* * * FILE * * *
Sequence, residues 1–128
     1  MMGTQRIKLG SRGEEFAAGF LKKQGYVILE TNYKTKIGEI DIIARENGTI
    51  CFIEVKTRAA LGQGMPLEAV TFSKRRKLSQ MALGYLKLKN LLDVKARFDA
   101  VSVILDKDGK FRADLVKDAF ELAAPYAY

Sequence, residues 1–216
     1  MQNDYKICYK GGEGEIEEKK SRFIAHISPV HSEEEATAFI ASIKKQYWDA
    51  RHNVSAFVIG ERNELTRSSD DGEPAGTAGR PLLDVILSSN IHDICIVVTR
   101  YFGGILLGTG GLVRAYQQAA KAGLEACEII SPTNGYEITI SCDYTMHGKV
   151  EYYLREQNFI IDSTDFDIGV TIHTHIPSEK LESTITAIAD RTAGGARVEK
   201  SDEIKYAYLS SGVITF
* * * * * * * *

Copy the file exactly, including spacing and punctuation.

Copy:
Sequence, residues 1–128
     1  MMGTQRIKLG SRGEEFAAGF LKKQGYVILE TNYKTKIGEI DIIARENGTI
    51  CFIEVKTRAA LGQGMPLEAV TFSKRRKLSQ MALGYLKLKN LLDVKARFDA
   101  VSVILDKDGK FRADLVKDAF ELAAPYAY

Sequence, residues 1–216
     1  MQNDYKICYK GGEGEIEEKK SRFIAHISPV HSEEEATAFI ASIKKQYWDA
    51  RHNVSAFVIG ERNELTRSSD DGEPAGTAGR PLLDVILSSN IHDICIVVTR
   101  YFGGILLGTG GLVRAYQQAA KAGLEACEII SPTNGYEITI SCDYTMHGKV
   151  EYYLREQNFI IDSTDFDIGV TIHTHIPSEK LESTITAIAD RTAGGARVEK
   201  SDEIKYAYLS SGVITF